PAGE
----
Is puffed wheat a whole grain is a question often asked by parents wanting to know what to feed their kids for breakfast. There is probably no other food that is subject to such lies and deception.
It is manufactured with techniques not dissimilar to making popcorn; high temperature is used and, to get a texture like flakes, the grains are extruded under high pressure; so far no real problems.
There are two ways in which manufacturers now ruin the whole grain; firstly what they add, and secondly what they remove.
With twice as many people dying from the diseases associated with obesity world-wide as starvation, medical scientists have found that the culprit in the main is not the fat in our food but the refined carbohydrate, and in particular sugar.
Whilst heart associations are recommending no more than about 7 teaspoons each day, weighing about 30 grams, the average American is consuming nearly half a cup.
Half a US cup of sugar weighs 100 g, which is 24 tsp, nearly four time the recommended amount. South Africans I am certain are matching that; obesity is equally a problem here.
In particular, about 20 percent of children are obese and, worse, nearly a half of them are in the extreme range once they reach the age of 12.
So, how much sugar is in your child's puffed wheat? The two worst companies are Kelloggs and Post making cereals that contain more than 50 percent by weight. Whilst they would obviously like you to enjoy large servings, the recommendation is 30g so that it appears that the sugar and calories are not excessive; in practice most folk have at least a half more than that.
And if you ate as much as shown on the packaging you would be having three times as much, or 90g according to researchers from Cardiff University.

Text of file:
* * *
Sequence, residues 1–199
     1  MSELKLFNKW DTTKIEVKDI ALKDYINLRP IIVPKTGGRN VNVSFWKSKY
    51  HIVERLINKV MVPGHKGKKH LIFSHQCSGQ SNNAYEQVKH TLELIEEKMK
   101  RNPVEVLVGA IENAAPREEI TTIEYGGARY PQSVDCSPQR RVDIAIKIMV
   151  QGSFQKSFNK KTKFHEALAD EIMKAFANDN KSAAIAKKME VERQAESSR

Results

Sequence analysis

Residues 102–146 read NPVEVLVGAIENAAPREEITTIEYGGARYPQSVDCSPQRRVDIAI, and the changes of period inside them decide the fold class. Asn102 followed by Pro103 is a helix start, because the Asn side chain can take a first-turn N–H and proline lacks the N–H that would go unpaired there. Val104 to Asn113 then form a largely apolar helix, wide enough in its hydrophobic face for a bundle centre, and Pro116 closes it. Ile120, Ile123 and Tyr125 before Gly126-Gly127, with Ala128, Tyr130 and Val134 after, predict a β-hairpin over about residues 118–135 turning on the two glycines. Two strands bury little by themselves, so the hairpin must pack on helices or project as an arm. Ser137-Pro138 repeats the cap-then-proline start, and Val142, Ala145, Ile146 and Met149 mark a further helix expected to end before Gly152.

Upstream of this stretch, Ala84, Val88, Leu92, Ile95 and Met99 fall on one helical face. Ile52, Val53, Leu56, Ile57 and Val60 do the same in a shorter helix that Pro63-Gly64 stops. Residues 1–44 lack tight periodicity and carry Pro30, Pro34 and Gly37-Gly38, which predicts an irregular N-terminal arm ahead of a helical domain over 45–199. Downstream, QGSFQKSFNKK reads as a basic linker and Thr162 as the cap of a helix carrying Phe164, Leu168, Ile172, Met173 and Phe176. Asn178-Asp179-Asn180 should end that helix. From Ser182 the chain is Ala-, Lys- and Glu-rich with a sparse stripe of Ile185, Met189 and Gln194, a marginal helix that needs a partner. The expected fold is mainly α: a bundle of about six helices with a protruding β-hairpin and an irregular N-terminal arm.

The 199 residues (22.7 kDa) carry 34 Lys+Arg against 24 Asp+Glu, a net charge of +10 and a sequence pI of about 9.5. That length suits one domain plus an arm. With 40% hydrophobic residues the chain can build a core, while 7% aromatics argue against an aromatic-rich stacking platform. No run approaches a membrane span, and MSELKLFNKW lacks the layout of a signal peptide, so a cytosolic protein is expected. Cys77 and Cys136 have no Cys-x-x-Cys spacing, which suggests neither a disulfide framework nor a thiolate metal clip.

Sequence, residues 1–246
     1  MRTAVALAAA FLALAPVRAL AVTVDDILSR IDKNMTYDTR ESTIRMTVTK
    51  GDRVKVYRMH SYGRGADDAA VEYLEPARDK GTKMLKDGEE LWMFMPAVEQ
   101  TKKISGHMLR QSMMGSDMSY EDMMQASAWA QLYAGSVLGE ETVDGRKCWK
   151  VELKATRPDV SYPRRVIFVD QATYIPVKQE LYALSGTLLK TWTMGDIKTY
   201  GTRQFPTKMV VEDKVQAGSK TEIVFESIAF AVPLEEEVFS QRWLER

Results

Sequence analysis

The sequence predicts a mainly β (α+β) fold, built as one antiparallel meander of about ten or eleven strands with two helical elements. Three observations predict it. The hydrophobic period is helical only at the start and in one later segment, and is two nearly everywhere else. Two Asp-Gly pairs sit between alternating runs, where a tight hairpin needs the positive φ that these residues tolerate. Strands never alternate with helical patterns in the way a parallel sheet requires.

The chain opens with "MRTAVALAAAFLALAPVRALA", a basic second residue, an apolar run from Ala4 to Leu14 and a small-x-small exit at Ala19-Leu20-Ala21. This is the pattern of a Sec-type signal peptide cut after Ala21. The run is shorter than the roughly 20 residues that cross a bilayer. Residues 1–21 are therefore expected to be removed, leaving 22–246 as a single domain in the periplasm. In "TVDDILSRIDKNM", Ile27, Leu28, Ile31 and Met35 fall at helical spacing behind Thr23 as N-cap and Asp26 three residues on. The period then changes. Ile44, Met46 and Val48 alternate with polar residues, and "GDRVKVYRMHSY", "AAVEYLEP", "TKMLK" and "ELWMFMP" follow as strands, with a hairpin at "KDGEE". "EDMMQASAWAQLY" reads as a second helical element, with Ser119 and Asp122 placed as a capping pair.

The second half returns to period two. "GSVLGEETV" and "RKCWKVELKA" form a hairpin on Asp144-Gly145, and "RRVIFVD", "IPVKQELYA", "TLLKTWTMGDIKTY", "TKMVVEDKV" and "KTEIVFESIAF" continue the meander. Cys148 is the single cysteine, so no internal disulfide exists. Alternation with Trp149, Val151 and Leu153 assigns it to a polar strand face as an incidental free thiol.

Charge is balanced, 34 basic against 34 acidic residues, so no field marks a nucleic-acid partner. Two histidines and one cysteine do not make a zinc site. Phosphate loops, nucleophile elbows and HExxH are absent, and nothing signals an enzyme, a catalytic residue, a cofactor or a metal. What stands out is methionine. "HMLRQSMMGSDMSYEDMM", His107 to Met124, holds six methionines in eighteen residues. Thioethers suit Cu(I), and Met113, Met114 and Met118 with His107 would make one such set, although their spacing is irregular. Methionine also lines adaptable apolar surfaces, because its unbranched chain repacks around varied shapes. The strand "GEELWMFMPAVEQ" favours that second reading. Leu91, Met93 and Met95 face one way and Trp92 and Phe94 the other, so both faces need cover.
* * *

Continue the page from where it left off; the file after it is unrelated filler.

Then we could go on about the oils and salt added. For example, Kellogg's crunchy nut oat granola, over and above the sugar, contains 5.4g of saturated fat in a portion, which is about a quarter of your daily limit.
To make matters worse, for me as a beekeeper, Kelloggs have played the name-game, back and forth between calling their product sugar and honey smacks; the latter sounds more nutritious.
But in fact, the cereal contains 16g of sugar in the small recommended serving-size; over a half by weight.
Honey makes only a small part of the sugars and, once heated and processed, it is probably has little more virtue than sucrose in any case.
There is a big fat lie in the milling industry; manufacturers are allowed to call their products whole grain provided they do not remove more than 40 percent of the goodies; the germ and the fibre, in most cases.
Arrowhead Mills makes one of the better cereals, but with all the fat, including the vitamin E removed it is extremely misleading to call it 100 percent whole grain.
True whole wheat contains some very nutritious polyunsaturated fat; all of it is removed with the germ in the manufacture of puffed wheat.
There are only two essential fatty acids which have to be ingested from our food, and both of them are to be found in 100 percent whole grain wheat; both are refined out of most of your puffed wheat cereals.
The react synergistically to an invading pathogen, one increasing the inflammatory response, and the second softening that reaction. Out of balance, when the omega-3 is deficient, leads to many chronic diseases.
Researchers have shown that even as a supplement wheat germ oil has an anti-atherosclerotic effect. It is likely to be more effective in 100 percent whole grain bread.
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Is puffed wheat a whole grain is a subject filled with controversies and big fat lies. No, it certainly is not in most cases. Wheat-bix is one of the exceptions to the rule; it contains all the oils.
The wheat grains, unlike many other cereals are not first refined to flour; they are simply cooked under pressure, crunched up in a mill, forced into a mold and baked further in an oven. Weetabix and it is called in some countries is indeed a whole grain. It is more like bulgur than the the many refined breakfast favourites.
But how much sugar does your child then add to it?
The health grain project of 2014 points in some detail all the pitfalls surrounding the term wholemeal, seeking to define exactly what manufacturers should be doing; however in most of the world this is still not legally enforced with much lies and deception in food labelling.
Kellogg's frosted mini-wheats is a case in point; they claim that it is made with 100% whole grain, yet no vitamin E is listed in the ingredients.
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